Hands of Sorrow Knight (Tomaxko, Kileratz, 2006), like The Great Strategy, took a very liberal approach to hero customisation. This is the primary feature of the game, and the procedure for picking and customising a hero is quite elaborate, so I’ll describe each step in full below:
- Choose one of 50 basic heroes. Each hero comes with a unique innate ability. In some game modes, duplicate heroes are allowed.
- Choose one of 36 offensive active abilities. They are not removed from the pool after selection.
- Choose one of 36 supportive active abilities.They are not removed from the pool after selection.
- Choose two of 8 hero powers. The 8 powers available are unique to the hero you chose at step 1.
- Choose up to five of 61 passives as the game progresses.
- As you level, you gain attribute points which must be manually assigned to either Agility, Intelligence, or Strength.
The result is over 20 trillion possibilities, before we start assigning stats, or buying items (the majority of which have actives similar to hero abilities). While this is an impressive number, the system suffers a number of flaws.
Firstly, selection is completely overwhelming for a new player, who will be uncertain enough just making one choice (picking a hero). Within those 20 trillion possibilities there are a lot of ways to go wrong, so those first four steps in succession without any explanation are quite intimidating.
Secondly, a hero will end up with one innate, one offensive, one supportive, two powers, and up to five passives. With 10 abilities (and up to 6 more on items), the value of each individual ability is diminished, which is contrary to the goal of making choices about abilities in the first place
On the plus side, there are a lot of ‘meta’ abilities, such as a chance to summon units when using any active ability (item abilities included), a passive which heals any ally you target with your support active, or the support active which resets the cooldown of your offensive active.
There are a couple of other notable mechanics in HoSK. One is the classification-based balance mechanisms. Single-target damage abilities are classed as nukes, and some passives grant temporary regeneration after being hit by a nuke. This discourages stacking lots of nukes (which is very possible). Similarly, there are abilities which improve summons in general, or are designed to get rid of summons.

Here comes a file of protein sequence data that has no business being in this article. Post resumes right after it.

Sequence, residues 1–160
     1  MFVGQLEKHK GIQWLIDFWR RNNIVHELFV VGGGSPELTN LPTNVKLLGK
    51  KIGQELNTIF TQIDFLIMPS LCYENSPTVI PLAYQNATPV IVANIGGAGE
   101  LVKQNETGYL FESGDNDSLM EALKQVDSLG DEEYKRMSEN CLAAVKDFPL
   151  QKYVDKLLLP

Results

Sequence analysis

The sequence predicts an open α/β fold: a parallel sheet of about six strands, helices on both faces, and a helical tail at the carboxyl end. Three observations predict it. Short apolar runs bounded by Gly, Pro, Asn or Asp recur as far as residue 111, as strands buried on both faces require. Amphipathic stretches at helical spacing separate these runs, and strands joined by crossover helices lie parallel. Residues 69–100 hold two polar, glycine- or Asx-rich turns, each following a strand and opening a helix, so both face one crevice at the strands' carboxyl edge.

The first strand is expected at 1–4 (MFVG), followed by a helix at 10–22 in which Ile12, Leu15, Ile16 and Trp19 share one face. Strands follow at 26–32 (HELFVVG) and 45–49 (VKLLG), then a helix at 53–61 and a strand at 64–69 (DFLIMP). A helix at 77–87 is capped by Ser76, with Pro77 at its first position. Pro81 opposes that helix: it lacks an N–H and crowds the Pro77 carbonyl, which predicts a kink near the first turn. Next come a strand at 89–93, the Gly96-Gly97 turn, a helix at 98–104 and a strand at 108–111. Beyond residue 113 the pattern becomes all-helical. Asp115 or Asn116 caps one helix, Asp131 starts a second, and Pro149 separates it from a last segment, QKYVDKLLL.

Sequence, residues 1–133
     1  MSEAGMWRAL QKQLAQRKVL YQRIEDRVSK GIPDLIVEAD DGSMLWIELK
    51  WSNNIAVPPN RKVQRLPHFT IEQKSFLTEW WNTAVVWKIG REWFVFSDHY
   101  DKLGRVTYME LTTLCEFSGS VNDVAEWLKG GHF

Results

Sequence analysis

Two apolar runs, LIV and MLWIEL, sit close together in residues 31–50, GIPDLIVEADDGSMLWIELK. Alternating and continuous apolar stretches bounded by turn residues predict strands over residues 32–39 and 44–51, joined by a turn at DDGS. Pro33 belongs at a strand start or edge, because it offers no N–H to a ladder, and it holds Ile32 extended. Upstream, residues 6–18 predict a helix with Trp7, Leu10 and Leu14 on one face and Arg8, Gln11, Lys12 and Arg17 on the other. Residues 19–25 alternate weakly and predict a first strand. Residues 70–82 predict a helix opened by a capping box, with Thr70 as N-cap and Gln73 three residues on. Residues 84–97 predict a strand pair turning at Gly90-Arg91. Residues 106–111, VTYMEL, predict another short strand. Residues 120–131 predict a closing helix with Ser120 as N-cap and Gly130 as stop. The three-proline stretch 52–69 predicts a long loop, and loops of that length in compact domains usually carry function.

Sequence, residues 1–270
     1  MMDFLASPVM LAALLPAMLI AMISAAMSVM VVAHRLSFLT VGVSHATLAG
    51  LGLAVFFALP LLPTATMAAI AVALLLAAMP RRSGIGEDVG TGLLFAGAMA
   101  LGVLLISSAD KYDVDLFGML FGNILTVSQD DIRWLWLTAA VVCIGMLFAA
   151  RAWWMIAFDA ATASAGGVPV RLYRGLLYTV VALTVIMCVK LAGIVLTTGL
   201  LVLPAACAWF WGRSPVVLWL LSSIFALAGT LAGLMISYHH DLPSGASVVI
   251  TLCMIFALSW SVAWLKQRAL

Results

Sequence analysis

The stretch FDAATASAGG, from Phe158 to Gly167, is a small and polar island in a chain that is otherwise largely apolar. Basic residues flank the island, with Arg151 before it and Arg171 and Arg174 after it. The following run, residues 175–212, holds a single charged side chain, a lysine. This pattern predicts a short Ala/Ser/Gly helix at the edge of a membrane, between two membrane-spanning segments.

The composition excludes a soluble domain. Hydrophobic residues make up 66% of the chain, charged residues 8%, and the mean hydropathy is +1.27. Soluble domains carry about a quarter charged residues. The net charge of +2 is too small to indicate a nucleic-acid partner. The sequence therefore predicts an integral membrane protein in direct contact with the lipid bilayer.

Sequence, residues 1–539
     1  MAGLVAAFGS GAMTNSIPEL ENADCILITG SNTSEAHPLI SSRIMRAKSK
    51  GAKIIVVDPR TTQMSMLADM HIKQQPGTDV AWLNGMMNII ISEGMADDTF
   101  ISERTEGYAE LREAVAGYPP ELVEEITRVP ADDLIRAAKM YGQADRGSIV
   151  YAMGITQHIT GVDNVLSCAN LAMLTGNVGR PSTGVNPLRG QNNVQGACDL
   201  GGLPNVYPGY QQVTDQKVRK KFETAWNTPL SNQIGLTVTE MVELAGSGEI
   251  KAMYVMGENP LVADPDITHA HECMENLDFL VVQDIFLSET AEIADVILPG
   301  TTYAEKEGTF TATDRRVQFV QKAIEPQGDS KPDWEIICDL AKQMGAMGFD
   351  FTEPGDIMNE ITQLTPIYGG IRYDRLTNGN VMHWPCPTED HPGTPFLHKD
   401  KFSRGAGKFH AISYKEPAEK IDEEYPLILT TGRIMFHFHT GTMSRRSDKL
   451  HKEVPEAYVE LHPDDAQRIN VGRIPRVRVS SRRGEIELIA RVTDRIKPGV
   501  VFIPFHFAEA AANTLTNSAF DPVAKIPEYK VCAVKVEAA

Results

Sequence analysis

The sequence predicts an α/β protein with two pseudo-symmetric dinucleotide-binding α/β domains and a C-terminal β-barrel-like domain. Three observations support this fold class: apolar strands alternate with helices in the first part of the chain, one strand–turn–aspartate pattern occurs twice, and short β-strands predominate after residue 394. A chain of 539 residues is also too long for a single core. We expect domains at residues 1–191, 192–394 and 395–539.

HoSK is surprisingly balanced thanks to these mechanisms. There’s no way to tell for sure what your opponents are building until they start using their abilities on-lane, so over-specialising can land you in trouble (or result in certain victory).
Heroes in HoSK have mana, but it’s only used for “hero powers” (the 8-choose-2 hero-specific ones) and item abilities. Offensive and supportive actives are free aside from their cooldowns.
The towers have several different simultaneous attacks. This means that they can attack units and heroes and summons at the same time with independent cooldowns. The attack against summons is much more powerful due to the danger of players pushing with mass summons.
The towers in the centre of the map are captured rather than destroyed, so upon reaching 0 life they respawn at full life belonging to the killer’s team. They also become stronger each time they change hands.
The ‘jungle’ takes inspiration from another genre of Warcraft map called Line Tower Wars. Instead of a bunch of camps being scattered around the jungle, there are four Spirit Lodges on the map. These ‘shops’ allow the player to pay a little gold to spawn a hostile creep, which gives a substantial bounty when killed. The creeps range in power from weak to ridiculously powerful (with appropriately ridiculous bounty). This allows players to personalise or optimise their jungling.
For example, a hero could spawn a few weak creeps at once, or a single strong one, or bring some allies along to tackle one of the higher level camps. This is much more versatile than regular jungles! Because the Spirit Lodges encompass an entire jungle on their own and take up very little space, two are hidden beyond the outer lanes. This makes it a little less trivial to locate the jungler.
At the end of the game, players have the option to either enter a deathmatch with everyone’s hero, or team up to try and bring down the game’s megaboss, the Sorrow Knight himself. This is a nice opportunity to finish on a high note after being defeated, and promote camaraderie amongst players, though I have no idea how it worked out in practice.
Overall, HoSK is a pretty interesting game with a good deal of variety and replayability. It could have certainly benefited from streamlining some of its features, most notably the hero selection process and the sheer number of differently categorised abilities. At time of writing, the HoSK website is still kicking, so you can read more about the game at hoskmap.com.